The 78 students who are lucky enough to spend their fourth-grade year at School in the Woods in Black Forest are referred to as "naturalists" because they focus on studying plants and animals as they live in nature.

This year's class tested that title to the extreme Thursday.

In the crisp, damp morning air, students grabbed work gloves, notebooks and measuring tape. With backpacks in tow, they hiked behind their school, stopping to study some scat, possibly coyote, and listen to words of wisdom about wildfire behavior.

The forest became a laboratory, as students planted 400 seedling trees on a 30-acre swath of the most devastated part of state forest land known as Section 16.

"It was awesome," 9-year-old Evan Hosey said after settling his first pinion pine in its new burrow. "We got to measure and make a well and put it 6 inches down in the hole."

Last year's massive Black Forest fire turned the portion of the 640-acre site into a barren moonscape because, as students learned, low-hanging branches acted as ladders for the flames, lifting the blaze from the ground to the top of the ponderosa pines. From the crown of the trees, it quickly spread.

The Colorado State Forest Service identified the acreage a stone's throw from the Academy District 20 school property as a priority for reforestation, said forester Matt Matwijec.

"It's one of the highest-severity zones," he said. "There's nothing left alive out here."

A grant secured by the forest service's educational program, Project Learning Tree, covered the $1,200 cost of the saplings.

"With fires, floods, bugs and crud, the world has been hard on trees in Colorado," said Shawna Crocker, the state's Project Learning Tree coordinator.

While kids got their hands dirty, they furthered their knowledge of plant development that had been nurtured in the classroom. In the forest, they learned where to plant aspen, white and Douglas fir, pinion pine and chokecherry for optimum success. They measured diameter and calculated circumference, and followed Matwijec's instructions to pack the dirt with a light but measured hand and make a depression to hold water close to the roots.

Student Anna Boone said it was nice to do something to fix earth that had suffered from the fire.

"I think it'll be a big help," she said.

The hands-on experience, said John Wuerth, coordinator at School in the Woods, "will help them realize they can have an impact."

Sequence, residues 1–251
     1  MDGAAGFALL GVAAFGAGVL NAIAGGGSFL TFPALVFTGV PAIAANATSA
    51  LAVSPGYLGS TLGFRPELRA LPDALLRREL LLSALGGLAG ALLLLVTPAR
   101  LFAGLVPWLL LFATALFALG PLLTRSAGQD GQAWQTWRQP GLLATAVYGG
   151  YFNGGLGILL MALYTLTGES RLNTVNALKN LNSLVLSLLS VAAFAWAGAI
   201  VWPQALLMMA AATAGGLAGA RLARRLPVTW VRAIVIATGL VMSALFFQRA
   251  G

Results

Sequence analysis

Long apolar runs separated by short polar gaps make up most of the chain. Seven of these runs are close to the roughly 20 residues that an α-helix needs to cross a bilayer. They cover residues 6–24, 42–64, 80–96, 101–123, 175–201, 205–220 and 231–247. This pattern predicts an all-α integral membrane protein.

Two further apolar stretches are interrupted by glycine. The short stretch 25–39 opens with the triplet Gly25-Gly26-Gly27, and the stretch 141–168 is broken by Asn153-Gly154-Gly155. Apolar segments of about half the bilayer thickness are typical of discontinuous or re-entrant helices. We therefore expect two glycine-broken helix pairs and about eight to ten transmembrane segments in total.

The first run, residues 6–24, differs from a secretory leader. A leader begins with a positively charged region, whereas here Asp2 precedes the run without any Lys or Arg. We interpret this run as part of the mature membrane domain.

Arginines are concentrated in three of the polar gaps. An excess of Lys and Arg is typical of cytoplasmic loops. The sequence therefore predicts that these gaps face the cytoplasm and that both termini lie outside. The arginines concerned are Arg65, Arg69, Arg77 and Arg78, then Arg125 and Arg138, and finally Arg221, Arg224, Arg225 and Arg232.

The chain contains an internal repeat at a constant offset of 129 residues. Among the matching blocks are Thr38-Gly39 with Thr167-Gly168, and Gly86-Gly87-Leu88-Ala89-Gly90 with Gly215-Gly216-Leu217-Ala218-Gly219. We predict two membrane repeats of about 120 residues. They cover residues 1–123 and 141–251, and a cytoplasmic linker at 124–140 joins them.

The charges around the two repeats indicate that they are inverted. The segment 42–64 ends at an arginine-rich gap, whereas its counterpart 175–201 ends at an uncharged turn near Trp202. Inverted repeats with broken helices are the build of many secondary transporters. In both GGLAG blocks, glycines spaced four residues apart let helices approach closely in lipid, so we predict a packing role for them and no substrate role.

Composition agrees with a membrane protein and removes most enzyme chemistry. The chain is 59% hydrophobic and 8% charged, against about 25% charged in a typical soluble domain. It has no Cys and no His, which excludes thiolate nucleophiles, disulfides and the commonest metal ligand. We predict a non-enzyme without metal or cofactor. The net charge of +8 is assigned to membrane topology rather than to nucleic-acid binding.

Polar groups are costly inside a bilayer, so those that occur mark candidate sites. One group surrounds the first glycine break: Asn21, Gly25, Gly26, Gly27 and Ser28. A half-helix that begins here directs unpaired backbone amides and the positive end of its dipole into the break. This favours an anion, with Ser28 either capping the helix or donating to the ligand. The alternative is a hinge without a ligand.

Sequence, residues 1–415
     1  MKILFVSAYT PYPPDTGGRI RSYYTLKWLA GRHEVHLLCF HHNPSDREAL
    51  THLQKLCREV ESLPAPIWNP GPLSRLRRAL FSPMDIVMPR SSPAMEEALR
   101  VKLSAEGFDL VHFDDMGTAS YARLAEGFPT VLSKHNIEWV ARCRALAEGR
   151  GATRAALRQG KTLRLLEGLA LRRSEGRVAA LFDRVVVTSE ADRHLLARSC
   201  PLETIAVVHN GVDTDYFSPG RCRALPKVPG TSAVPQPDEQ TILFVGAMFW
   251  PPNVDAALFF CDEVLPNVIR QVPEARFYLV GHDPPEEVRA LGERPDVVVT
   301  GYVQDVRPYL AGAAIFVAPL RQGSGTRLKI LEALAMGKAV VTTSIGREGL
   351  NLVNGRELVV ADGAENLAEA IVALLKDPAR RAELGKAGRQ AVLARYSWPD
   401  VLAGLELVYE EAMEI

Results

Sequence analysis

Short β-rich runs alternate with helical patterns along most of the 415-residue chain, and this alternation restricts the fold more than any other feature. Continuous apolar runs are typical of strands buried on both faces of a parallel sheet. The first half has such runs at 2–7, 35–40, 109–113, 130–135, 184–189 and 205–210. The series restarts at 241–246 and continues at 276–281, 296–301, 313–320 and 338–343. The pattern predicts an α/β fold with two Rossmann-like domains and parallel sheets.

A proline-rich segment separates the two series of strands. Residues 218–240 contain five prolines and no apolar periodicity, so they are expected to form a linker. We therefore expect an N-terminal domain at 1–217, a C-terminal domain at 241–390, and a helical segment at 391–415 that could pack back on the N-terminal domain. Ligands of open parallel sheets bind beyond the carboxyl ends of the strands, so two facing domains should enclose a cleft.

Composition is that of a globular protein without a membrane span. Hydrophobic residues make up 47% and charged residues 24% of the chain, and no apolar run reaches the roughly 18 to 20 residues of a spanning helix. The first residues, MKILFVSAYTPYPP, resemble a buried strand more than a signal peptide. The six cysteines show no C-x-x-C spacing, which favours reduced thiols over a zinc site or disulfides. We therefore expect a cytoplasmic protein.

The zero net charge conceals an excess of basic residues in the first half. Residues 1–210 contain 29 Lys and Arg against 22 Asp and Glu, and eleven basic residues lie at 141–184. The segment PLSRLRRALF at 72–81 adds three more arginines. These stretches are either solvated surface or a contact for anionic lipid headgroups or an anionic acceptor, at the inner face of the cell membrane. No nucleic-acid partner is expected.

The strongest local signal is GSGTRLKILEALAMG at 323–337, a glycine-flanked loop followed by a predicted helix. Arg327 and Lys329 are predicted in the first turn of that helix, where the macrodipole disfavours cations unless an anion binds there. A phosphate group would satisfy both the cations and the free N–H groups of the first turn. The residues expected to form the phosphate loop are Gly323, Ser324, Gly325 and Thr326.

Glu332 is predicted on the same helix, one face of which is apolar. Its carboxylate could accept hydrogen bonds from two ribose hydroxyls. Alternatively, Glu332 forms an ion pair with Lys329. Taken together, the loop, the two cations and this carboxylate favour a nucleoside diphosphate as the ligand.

"The most important part of this school is developing a sense of stewardship for the planet and being active partners in improving the situation," he said. "That's what they're doing today."

Since School in the Woods opened 15 years ago as an option for fourth-graders to dig into the field of natural sciences, students have worked to preserve the nearby forest land that they've used as a classroom. This year's group of students has the distinction of helping to regenerate the forest.

"I like that we get to get outdoors and learn cool stuff," said student Shannon McCall. "It's fun."

Matwijec said conservation volunteers are normally older than 9 or 10.

These aren't ordinary kids.

"They are naturalists," he said, "and they're really in tune to the naturalist process."

Wuerth said such seedling plantings usually have a 20 percent survival rate, but he's hoping to enlist students and families to water during the summer's dry spell to improve the odds and provide more teaching moments for future classes.

Four of this year's School in the Woods students lost their homes in the Black Forest fire, which started on June 11, 2013, and destroyed 486 homes.

"This is a hopeful experience, not only for this community, but for our planet in general," Wuerth said.

Crocker agreed, saying, "The very act of planting a tree is a very powerful experience for kids. They might have had a negative connotation to fire in the past, but now they'll have a positive experience."

Student Charlie Hund said he likes doing things that help the earth and nature.

"This means a lot to me to help the forest re-grow," he said.

The $10,000 grant from the American Forest Foundation and the National Project Learning Tree also provided free seedling trees to 12 other communities around Colorado for educational planting projects. Thursday's activity at School in the Woods was the first significant planting, Crocker said.